Excel Database Functionalities

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Lesson 14: Excel Database Functionalities

We are surrounded with  databases. All accounting programs, sales programs, inventory programs and other business programs include a database. There is the main database in your corporation, there are databases on the WEB  and all kinds of other departmental databases.

You can bring data from all these databases into Excel to analyse the data and create automated reports. You can also develop very useful databases with Excel. As a matter of fact if people  knew Excel better Access would not exist.

With Excel you can develop analyses and reports that would be impossible or unaffordable to develop even with very sophisticated database programs like PeopleSoft, JDE, Oracle and others. Corporations that can afford these million dollars systems rely often on Excel to analyse the data and design reports to support very important decision making processes. Some of the most powerful analysis tools in Excel are database functionalities like sorting (lesson 5), filtering (lesson 6), subtotals (lesson 4B) and pivot tables (lesson 4C). There is even a form to enter data into an Excel database. It is there as soon as Excel recognizes your set of data as a database.  


Excel needs to recognize your set of data as a database or you will not have access to any of the database functionalities from the "Data" menu item (the basic Sort and Filter or the more advanced Form, Subtotals and Pivot Table).

The DATABASE is a set of columns (called fields by the database people) that include a SINGLE title cell in each column. Select a different format for the title cells as oppose to the other cells of the table so that Excel understands that it is working with a DATABASE. I use bold font in the title cells and I add a border at the bottom of the cells. Use " Text Wrap" in " Format/Cells/Alignment" to write more than one line of text in one cell and use " Alt/Enter" to force a line break within the lines.

The database MUST be surrounded by empty rows (top and bottom) and empty columns (right and left). If you database starts in cell A1, no need to add an empty row at the top or an empty column on the left.

The Excel database goes from the row of title cells to the last row (called record by the database people) that carries at least one value in any of the fields.

If you want to make sure that your database is recognized by Excel, click anywhere in it and go to Edit/Go to/Specials/Current Region. What is then selected is your database.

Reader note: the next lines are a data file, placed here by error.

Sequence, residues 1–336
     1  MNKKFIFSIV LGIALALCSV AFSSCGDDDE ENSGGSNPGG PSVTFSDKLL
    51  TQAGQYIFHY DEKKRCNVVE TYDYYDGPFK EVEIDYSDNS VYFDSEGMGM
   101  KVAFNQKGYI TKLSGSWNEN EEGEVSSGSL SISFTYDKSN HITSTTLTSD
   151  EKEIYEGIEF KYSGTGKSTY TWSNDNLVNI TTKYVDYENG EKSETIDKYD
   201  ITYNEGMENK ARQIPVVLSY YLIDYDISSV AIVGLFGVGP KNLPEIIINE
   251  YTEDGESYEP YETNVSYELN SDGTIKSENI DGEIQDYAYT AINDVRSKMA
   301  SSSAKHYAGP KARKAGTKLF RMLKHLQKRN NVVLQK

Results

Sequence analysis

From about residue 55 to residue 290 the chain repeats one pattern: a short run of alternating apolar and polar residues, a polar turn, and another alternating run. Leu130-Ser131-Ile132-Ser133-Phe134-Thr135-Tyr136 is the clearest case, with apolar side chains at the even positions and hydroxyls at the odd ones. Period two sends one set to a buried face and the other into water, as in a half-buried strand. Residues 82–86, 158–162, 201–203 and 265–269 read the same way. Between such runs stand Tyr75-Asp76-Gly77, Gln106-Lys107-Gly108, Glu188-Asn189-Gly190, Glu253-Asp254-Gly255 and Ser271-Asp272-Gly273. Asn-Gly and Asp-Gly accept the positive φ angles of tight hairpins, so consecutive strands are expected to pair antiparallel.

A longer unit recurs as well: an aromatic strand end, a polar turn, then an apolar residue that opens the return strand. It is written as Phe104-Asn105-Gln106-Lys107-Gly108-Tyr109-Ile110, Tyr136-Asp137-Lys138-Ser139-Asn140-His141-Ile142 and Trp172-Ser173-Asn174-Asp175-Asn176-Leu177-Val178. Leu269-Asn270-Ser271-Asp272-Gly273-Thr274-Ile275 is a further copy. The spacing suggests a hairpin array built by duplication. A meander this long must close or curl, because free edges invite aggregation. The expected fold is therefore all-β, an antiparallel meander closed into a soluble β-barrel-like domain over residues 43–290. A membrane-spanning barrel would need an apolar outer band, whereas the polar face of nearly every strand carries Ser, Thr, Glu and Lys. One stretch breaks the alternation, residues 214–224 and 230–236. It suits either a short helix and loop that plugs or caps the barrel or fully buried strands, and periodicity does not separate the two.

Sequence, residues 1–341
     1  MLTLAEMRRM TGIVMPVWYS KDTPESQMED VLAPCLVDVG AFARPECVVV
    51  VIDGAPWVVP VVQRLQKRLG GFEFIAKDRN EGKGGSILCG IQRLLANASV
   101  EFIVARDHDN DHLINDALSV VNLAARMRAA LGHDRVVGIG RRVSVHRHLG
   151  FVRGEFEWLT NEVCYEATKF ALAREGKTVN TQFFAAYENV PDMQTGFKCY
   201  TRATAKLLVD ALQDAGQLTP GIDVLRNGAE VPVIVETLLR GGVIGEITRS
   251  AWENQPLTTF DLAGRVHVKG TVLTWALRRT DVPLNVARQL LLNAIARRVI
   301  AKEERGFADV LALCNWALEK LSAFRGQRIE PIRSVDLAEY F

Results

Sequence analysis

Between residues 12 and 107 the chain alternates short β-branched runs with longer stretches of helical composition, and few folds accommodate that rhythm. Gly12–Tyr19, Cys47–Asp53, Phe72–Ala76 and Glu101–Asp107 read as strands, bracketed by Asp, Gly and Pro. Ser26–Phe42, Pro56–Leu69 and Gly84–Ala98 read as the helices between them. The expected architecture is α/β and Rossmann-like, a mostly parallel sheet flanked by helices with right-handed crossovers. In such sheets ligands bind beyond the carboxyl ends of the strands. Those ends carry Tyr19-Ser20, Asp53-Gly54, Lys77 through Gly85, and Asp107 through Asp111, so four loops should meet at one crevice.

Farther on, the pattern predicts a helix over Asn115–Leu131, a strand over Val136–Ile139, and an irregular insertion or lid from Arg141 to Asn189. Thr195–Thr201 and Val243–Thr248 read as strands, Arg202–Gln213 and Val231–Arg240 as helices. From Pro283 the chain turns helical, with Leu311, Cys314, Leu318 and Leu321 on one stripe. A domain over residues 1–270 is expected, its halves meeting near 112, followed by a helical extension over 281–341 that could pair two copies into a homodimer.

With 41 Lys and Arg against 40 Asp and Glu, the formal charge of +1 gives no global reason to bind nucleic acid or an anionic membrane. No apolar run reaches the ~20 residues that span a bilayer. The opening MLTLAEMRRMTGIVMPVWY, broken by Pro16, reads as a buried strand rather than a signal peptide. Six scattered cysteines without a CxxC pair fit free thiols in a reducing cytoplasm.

Here are 4 examples of set of data not recognized as a database by Excel and one real database.

This is not a database recognized by Excel because there are two rows of title cells

Excel Database 1

This is not a database recognized by Excel because row 2 is not empty.

Excel Database 2

This is not a database because columns B, D, F and H are empty. Remove the empty columns and you have a single database recognized by Excel.

Excel Database 3

Here is a  database recognized by Excel. There are 5 fields (columns) (Date, Name, Product, Quantity, Amount) and 7 records (rows of data).  Column E is not empty, the title cell is there and row 4 is not empty there is a data in field 1. There can be many empty cells in an Excel database (except for title cells) but never any empty rows or columns.

Excel database 4

Once you set of data is recognized as a database you can sort and filter data, you can use the form to enter new data and you can calculate subtotals and develop pivot tables.

There are  five sections in this website

Section 1: About Databases: 4 Lessons
In this section we review the basic notions on databases and evaluate Excel as a database. You will then see how Excel can be used downstream from most centralized databases and data management programs. Finally we will discuss the "upgrade" from Excel to Access..
Section 2: Excel and External Data: 7 Lessons
There are many ways to get data into your Excel Workbooks and there are many ways to easily extract data from all the databases in your organization and the Internet. This section is centered on querying data
Analyzing Data with Excel: 8 Lessons
Once you have the data in the right formats within your Excel workbook it is time to use the powerful analytical tools of Excel including the database functionalities (sort, filter, subtotals), the integrated calculator, the comparative analysis tools and the mysterious and not so complicated pivot tables. 
Section 4: Reporting with Excel: 7 Lessons
The report is a communication tool and you can not accept to compromise on its presentation. Excel is the best reporting tool allowing you to easily develop popular dashboards and to share these reports with multiple colleagues.
Section 5: Other Functionalities in Excel: 3 Lessons
In this fifth section you will review the useful CTRL and ALT keystrokes, the conditional formatting, the drop-down lists and other interesting functionalities.





Excel fonctions et formules

Database 101   Excel and External Data   Analyzing Data with Excel   Reporting with Excel   Other Functionalities